Telesales and Call Centre Sales:

Many applicants for sales positions at call centres or telesales jobs make the mistake of dressing too casually for their interview. However, despite the somewhat more informal work setting of most call centres, candidates for such sales positions still need to make a good impression on prospective employers. While applicants need not wear business suits to their interviews, they must still present a neat, professional experience.  Personally, I would recommend still wearing a suit if you own one; if not trousers/skirt and a smart shirt/blouse.  Then none can make judgements based upon the logo of your top or the brand of your chosen trainers.  Jewellery and make-up should still be kept to a minimum, and all facial piercings and tattoos should be concealed.

      Retail Sales:

Working on the sales floor of a retail outlet is a far different cry from working in corporate or telephone sales. Sales people are always in direct contact with the customers and have to maintain a professional appearance at all times that is in keeping with the tone and ambiance of the store. For instance, a sales assistant at Harvey Nichols will typically be required to dress on trend with the department they are looking to represent.  In contrast if the interview is with a more traditional department store, you should  dress more formally. What you should wear to a retail sales job therefore depends almost entirely on what type of company you are applying to work at.  For instance, a woman who wears no make-up for a sales job at a cosmetics store has little chance of being hired. Conversely, dressing in a manner that is overly fashion forward might not be the best move if you are interviewing for a job at a traditional department store.

If you are completely dumbfounded as to what to wear to your interview, take some time to research how employees at the company usually dress, either in person or by contacting someone in the HR department and simply ask what is acceptable/preferred.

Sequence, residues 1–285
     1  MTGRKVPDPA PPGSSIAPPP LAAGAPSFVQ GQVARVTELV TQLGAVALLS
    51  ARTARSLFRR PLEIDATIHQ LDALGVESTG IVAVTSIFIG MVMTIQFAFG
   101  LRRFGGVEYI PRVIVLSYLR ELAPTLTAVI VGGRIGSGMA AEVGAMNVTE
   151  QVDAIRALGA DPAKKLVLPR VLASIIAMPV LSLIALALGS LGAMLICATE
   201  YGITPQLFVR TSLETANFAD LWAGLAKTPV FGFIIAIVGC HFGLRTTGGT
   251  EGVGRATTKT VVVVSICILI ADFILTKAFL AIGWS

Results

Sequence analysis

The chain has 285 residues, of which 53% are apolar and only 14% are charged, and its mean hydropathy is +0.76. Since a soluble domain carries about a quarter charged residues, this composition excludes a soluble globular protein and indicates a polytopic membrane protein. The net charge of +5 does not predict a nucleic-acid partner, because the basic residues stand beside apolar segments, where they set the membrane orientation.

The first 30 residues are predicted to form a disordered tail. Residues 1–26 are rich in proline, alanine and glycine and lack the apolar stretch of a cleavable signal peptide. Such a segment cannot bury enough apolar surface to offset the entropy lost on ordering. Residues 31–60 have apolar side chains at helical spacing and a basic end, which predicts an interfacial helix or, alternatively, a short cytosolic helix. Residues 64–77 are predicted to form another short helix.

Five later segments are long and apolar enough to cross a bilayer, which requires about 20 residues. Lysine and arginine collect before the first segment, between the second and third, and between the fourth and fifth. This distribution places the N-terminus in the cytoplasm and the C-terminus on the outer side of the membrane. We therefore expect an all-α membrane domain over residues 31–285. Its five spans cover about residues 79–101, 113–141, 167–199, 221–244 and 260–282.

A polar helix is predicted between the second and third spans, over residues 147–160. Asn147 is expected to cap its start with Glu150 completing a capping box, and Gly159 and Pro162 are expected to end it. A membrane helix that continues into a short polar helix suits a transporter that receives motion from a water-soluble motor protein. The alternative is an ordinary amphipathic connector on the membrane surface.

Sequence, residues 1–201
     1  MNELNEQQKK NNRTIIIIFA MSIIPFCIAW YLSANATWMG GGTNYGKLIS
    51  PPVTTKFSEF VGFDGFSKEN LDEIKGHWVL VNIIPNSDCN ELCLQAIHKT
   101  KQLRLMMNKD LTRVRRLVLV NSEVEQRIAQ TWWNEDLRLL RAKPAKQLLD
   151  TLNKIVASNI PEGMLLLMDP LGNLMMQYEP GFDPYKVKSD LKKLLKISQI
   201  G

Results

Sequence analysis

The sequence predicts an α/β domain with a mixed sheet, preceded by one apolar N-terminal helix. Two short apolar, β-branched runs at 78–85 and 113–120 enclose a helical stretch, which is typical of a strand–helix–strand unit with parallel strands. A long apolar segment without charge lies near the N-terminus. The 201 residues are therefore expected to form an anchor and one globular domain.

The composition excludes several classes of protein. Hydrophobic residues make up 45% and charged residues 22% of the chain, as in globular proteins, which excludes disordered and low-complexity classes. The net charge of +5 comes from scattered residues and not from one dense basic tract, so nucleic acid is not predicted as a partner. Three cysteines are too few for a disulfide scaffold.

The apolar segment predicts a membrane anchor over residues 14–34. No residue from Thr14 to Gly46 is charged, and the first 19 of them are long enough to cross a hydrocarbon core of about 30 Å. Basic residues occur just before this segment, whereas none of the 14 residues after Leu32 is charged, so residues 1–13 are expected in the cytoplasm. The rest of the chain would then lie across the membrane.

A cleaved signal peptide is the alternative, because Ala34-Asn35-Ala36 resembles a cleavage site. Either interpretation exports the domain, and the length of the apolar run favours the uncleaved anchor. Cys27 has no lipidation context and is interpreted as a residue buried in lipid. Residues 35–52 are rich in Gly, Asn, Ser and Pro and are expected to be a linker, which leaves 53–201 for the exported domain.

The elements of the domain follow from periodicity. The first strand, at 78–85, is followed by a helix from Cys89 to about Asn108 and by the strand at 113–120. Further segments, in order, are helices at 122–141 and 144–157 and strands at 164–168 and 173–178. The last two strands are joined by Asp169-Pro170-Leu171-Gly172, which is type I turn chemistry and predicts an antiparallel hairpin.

Some stores, such as John Lewis, also have a formal dress code which can help applicants narrow down their choices. Whatever outfit you choose to wear, it is important to make sure that your clothes are clean, pressed, and in good repair, and that you wear your clothes with confidence – after all, it is one trait that all good hiring managers are looking for.

Wednesday, 17 July 2013

Aaron Wallis Increases Advice Library to Over 500 Articles


We’ve always been pretty proud of the advice that we offer across www.aaronwallis.co.uk which we believe to be the most comprehensive, freely available advice offered by any recruitment agency. 
We’ve just undertaken a massive overhaul of the Advice Library which now contains over 500 articles, each written by industry experts, covering every imaginable business area from sales and marketing to finance to taxation to doing business in other nations.
To access it’s simple – follow this link:

Then either drop down on the theme that you’re looking for advice upon and hit search and it will bring up every topic in the category.
 
Alternatively type your query in the search box and the search engine will chose the articles it feels most relevant.
We hope that you find it useful.  If so please bookmark or post to facebook, Twitter or LinkedIn using the user-friendly buttons on the page.